Where’d my comfort zone go?

Randy Riley - Contributing columnist

Everyone has a comfort zone. It’s that feeling that surrounds them when they are performing a specific duty or activity that provides them with a feeling of familiarity and well-being; a feeling of confidence in the activity. We all have our own personal comfort zones.

A person might be an excellent communicator. They might be able to explain truly complex issues in writing. They might be able to make your heart melt or bring tears to your eyes with their creative style of writing but give them a stage and a microphone and they might get cold, clammy and tongue-tied because they are totally out of their… comfort zone.

We all have comfort zones. Most married couples divide the household chores based upon what they are most comfortable doing. It may sound sexist. It may be somewhat sexist, but chores are usually divided up based on gender.

Debbie and I have been married for 31 years. In the first weeks of marriage, our chores seemed to divide up naturally. I don’t remember Debbie ever pulling the starting cord on the lawnmower.

I pay the bills and take care of our taxes. Debbie keeps the house clean and makes sure we always have clean clothes. I could easily count the number of times I have been allowed to do laundry.

Debbie has never appreciated my way of sorting laundry. She has always sorted laundry the traditional way, by colors.

When I was a single father, I always sorted clothes by wringlies-and-hangies.

Hangies were those things, like shirts and slacks, that need to be pulled from the dryer when they were still warm and placed on hangers, so they wouldn’t need to be ironed.

Wringlies were things like underwear, socks and jeans, that could rest comfortably in a cold drier until needed. The color of the fabric made no difference to me.

Not surprisingly, early in our marriage, I was banned from ever doing laundry.

If Debbie was out of town, I could wash my own things, but I was forbidden from touching any of Debbie’s things: strictly and absolutely forbidden.

But, oh, how things have changed.

We had an accident here at the Riley household two weeks ago. On that Tuesday, at 7 a.m., beautiful Ms. Debbie was walking downstairs to get the coffee pot started. It was supposed to be another typical Tuesday. It turned out to be anything but typical.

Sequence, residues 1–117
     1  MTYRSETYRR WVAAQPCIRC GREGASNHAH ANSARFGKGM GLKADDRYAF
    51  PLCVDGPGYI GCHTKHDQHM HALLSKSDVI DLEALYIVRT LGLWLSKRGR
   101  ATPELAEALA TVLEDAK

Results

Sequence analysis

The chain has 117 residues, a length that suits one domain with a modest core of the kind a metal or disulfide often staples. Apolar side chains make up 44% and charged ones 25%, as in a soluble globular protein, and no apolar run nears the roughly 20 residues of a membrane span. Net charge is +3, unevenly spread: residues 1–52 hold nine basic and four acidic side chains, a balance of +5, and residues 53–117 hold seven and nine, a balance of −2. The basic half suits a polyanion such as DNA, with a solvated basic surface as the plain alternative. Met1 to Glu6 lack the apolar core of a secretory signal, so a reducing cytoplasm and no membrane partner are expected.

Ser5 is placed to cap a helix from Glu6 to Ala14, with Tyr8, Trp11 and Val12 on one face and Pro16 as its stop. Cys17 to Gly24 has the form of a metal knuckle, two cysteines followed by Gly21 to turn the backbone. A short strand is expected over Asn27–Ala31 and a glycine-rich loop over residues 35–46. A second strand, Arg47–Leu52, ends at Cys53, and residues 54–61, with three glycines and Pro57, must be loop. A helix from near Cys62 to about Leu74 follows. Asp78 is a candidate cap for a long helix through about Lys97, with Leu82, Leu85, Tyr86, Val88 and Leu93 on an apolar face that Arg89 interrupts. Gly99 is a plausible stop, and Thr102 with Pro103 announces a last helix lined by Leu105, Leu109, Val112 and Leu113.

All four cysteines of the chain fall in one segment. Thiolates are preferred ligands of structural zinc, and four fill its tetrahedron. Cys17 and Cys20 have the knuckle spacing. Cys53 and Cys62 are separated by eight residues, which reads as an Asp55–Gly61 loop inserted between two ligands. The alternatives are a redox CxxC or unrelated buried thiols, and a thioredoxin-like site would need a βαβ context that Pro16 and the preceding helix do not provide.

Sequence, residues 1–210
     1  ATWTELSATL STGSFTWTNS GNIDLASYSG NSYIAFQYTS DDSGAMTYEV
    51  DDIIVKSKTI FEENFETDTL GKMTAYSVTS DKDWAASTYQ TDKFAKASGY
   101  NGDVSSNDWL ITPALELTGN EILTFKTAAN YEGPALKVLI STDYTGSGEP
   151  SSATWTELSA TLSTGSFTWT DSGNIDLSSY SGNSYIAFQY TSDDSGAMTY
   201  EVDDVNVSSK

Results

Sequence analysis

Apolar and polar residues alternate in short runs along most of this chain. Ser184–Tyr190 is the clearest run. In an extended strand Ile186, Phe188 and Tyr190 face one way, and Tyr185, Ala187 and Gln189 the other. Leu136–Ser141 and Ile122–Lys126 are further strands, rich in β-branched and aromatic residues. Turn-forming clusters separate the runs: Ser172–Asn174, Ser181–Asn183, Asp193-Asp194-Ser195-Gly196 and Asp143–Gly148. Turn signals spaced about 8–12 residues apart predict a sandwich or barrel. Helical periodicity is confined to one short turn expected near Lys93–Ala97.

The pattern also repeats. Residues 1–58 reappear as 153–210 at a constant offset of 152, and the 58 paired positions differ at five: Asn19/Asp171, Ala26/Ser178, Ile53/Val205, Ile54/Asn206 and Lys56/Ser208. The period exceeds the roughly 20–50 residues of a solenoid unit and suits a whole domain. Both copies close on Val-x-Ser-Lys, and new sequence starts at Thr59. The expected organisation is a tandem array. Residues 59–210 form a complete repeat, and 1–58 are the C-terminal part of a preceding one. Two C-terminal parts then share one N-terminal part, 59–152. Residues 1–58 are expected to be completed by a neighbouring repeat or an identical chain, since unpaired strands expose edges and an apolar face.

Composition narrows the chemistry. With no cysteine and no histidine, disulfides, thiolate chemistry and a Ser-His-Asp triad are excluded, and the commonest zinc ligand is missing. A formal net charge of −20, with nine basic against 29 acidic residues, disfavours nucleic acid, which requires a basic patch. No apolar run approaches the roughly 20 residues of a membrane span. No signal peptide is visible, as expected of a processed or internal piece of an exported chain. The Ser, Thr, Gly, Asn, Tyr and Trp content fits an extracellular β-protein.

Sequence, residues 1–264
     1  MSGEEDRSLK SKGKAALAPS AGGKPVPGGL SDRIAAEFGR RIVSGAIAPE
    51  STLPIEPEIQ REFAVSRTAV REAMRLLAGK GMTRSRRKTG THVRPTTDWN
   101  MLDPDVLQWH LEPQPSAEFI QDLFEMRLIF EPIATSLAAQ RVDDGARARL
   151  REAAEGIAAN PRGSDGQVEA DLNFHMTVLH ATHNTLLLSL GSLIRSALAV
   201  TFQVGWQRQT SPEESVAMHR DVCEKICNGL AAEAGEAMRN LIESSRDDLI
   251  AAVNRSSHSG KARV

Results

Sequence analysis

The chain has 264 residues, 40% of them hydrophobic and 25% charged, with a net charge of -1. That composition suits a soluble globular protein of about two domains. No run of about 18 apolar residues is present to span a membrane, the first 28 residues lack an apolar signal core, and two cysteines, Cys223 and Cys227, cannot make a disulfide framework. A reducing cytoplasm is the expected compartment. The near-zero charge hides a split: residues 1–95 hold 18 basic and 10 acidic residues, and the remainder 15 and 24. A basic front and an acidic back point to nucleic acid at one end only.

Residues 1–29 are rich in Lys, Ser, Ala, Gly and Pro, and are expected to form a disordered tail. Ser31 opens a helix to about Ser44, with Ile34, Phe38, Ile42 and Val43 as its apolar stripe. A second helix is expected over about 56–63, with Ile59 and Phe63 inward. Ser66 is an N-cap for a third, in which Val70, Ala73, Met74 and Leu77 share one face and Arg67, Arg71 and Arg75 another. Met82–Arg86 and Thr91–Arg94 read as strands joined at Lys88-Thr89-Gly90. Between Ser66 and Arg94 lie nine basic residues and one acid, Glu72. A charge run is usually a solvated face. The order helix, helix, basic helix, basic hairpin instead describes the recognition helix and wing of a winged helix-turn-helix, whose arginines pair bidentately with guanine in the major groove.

Halfway down the steps, her foot slipped and down she tumbled. Her ankle was turned in a horrible direction. My first impulse was to scoop her up and head to the hospital emergency room. Sadly, at 68 years old, my days of scooping and carrying another adult are far behind me.

Thankfully, EMS arrived just a few minutes after dialing 911. The good folks in the emergency room took excellent care of Debbie. Not only was her ankle dislocated, but at least two bones were broken.

The ER staff had her ankle re-set, casted and wrapped in no time. We were home well before noon. Debbie had strict instructions to put absolutely no weight on her right foot.

Then, last week Debbie had surgery — screws on one side of the ankle, metal plate and screws on the other side. The orthopedic surgeon was also emphatic … absolutely no weight-bearing on her right foot.

Needless to say, our division of chores has changed radically.

The day after surgery, I had Debbie safely settled in her “nest.” She was surrounded by her books, coffee cup, cell phone and iPad.

Jessi stopped by with our two youngest grandchildren, Clayton and Claire. I was busy unloading the washing machine and loading the dryer.

Claire saw me and stopped in her tracks. She put her little 3-year-old hands on her hips and said, “Pappy, that’s Memaw’s machine.”

We all laughed… especially Memaw.

Debbie’s broken ankle has definitely kicked me out of my comfort zone. I love being able to help Debbie. Pushing her around the house in her wheelchair, fixing her meals, cleaning the house, loading and unloading the dishwasher and even doing laundry (with her guidance) are just fine with me.

I’ve always enjoyed getting out of my comfort zone, pushing myself in new directions, trying new things. It’s fun and exciting, but I wasn’t expecting this.

It’s a good idea to occasionally move out of your comfort zone.

I just wish that Debbie was back on her own two feet; standing comfortably in her own personal comfort zone.

Doing her laundry makes me really nervous.

Randy Riley is former Mayor of Wilmington and former Clinton County Commissioner.


Randy Riley

Contributing columnist